Conserving the Nature of America
Press Release
U.S. Fish and Wildlife Service Tribal Wildlife Grants Program Awards
23 Native American Tribes in 14 States for Conservation Work

May 23, 2013


Division of Public Affairs
External Affairs
Telephone: 703-358-2220

The U. S. Fish and Wildlife Service today announced Tribal Wildlife Grants awards to Native American tribes in 14 states to fund a wide range of conservation projects.

“The mindful stewardship of fish, wildlife, plants and their habitats is a value that tribal nations share with the U. S. Fish and Wildlife Service, ” said Service Director Dan Ashe. “Tribal Wildlife Grants create opportunities for us to work together in a variety of ways, including species restoration, fish passage, protection of migratory birds, and coping with long-term effects of a changing climate. ”

More than $60 million has gone to Native American tribes through the Tribal Wildlife Grants program since 2003, providing support for more than 360 conservation projects administered by participating federally recognized tribes. These grants provide technical and financial assistance for development and implementation of projects that benefit fish and wildlife resources and their habitats, including non-game species.

The grants have enabled tribes to develop increased management capacity, improve and enhance relationships with partners (including state agencies), address cultural and environmental priorities, and heighten tribal students’ interest in fisheries, wildlife and related fields of study. Some grants have been awarded to support recovery efforts for threatened and endangered species.

The grants are provided exclusively to federally recognized Indian tribal governments and are made possible under the Related Agencies Appropriations Act of 2002 through the State and Tribal Wildlife Grants program. Proposals for the 2014 grant cycle are due September 3, 2013.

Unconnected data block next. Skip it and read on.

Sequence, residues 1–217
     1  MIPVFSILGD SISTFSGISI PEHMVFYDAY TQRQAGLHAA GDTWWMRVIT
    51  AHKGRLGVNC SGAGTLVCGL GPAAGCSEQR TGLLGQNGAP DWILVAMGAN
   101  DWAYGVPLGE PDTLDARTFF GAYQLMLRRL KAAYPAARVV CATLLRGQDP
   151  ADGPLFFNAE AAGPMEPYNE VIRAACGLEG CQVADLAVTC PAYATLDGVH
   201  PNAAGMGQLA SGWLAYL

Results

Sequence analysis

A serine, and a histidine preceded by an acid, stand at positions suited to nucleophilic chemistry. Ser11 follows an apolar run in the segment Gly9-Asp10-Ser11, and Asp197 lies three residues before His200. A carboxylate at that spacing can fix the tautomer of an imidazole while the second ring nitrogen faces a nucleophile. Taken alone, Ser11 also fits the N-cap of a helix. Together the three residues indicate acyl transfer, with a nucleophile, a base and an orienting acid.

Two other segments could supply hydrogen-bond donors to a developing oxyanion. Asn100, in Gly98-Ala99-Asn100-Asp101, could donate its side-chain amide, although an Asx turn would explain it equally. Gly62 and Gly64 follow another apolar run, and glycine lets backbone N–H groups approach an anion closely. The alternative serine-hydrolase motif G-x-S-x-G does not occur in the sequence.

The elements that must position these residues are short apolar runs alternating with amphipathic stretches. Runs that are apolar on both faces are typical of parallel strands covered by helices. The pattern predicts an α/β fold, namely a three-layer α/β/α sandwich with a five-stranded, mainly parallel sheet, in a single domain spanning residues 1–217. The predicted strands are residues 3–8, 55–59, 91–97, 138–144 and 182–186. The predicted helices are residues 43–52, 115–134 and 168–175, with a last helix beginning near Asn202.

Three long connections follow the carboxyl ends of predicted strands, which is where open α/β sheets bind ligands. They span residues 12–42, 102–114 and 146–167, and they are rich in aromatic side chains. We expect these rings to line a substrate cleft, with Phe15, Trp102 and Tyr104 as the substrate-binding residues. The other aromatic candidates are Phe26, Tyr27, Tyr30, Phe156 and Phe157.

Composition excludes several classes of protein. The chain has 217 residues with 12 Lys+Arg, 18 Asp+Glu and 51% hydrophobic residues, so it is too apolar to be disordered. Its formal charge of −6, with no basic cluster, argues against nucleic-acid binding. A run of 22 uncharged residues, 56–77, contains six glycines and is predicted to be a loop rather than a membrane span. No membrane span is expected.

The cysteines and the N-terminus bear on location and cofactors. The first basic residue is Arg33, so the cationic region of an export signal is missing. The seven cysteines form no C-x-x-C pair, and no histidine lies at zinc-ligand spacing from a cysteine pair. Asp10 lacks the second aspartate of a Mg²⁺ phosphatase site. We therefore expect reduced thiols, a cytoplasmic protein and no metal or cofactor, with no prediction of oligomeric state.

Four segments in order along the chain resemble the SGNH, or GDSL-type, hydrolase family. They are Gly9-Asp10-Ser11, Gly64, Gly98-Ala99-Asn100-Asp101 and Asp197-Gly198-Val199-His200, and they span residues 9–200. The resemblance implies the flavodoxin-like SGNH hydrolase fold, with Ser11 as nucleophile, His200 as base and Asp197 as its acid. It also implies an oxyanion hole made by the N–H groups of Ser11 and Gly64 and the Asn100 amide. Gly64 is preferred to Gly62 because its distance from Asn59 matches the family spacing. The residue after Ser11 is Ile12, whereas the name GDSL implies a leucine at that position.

For additional information about Native American conservation projects and the Tribal Wildlife Grants application process, visit

*FY 2013 Tribal Wildlife Grants*


Agdaagux Tribe of King Cove ($199,731)

Monitoring Ecologically Important Species

Aleut Community of St. Paul Island ($199,943)

Invasive Rodent Prevention Program on St. Paul and Pribilof Islands

Native Village of Wales ($33,352)

Community Seal and Walrus Unusual Mortality Event (UME)


Hopi Tribe ($200,000)

Ecology of Golden Eagles on Hopi Lands

Navajo Nation ($200,000)

Golden Eagle Aviary for the Navajo Nation


Hoopa Valley Tribe ($200,000)

Multi-level Trophic Monitoring From Soil to Threatened Vertebrates in
Response to Poisons Found at Large Scale Illegal Marijuana Cultivation Sites

Smith River Rancheria ($200,000)

Surf Smelt Habitat Assessment and Conservation Plan

Round Valley Indian Tribes ($82,270)

Mill Creek Riparian Corridor Development Project

Wiyot Tribe ($200,000)

Eel River and Humboldt Bay Pacific Lamprey Restoration Project and


Seminole Tribe of Florida ($200,000)

Environmental Science Program


Penobscot Indian Nation ($197,542)

Atlantic Salmon Enhancement on Tribal Lands

Houlton Band of Maliseet Indians ($199,625)

Aquatic Habitat Restoration Program: Fish Passage Enhancement and
Demonstration Projects


Pokagon Band of Potawatomi ($198.148)

Grand Kankakee Marsh Restoration


Red Lake Band of Chippewa ($197,000)

Rehabilitation Evaluation and Range determination of Lake Sturgeon

Prairie Island Indian Community ($200,000)

Conservation Restoration Area


Summit Lake Paiute Tribe ($200,000)

Lahontan Cutthroat Trout


Jemez Pueblo ($200,000)

Mule Deer and Elk: Habitat and Movements in Rapidly Changing Forests


Eastern Band of Cherokee Indians ($200,000)

Tribal Wildlife Action Plan


Standing Rock ($191,286)

Small Mammal Diversity and Abundance


Burns Paiute Tribe ($52,351)

Baseline Data and EIS for Removal of Non-native Brook Trout to Benefit Bull

* *


Cheyenne River Sioux ($200,000)

Black-footed Ferret Recovery Project


Cowlitz Indian Tribe ($195,762)

Monitoring and Assessment of New Subpopulations of Columbia White-tailed

Colville Confederated Tribes ($187,000)

Developing the Gray Wolf Management Plan

Information contained in older news items may be outdated. These materials are made available as historical archival information only. Individual contacts have been replaced with general External Affairs office information. No other updates have been made to the information and we do not guarantee current accuracy or completeness.

The mission of the U.S. Fish and Wildlife Service is working with others to conserve, protect, and enhance fish, wildlife, plants, and their habitats for the continuing benefit of the American people. We are both a leader and trusted partner in fish and wildlife conservation, known for our scientific excellence, stewardship of lands and natural resources, dedicated professionals, and commitment to public service. For more information on our work and the people who make it happen, visit

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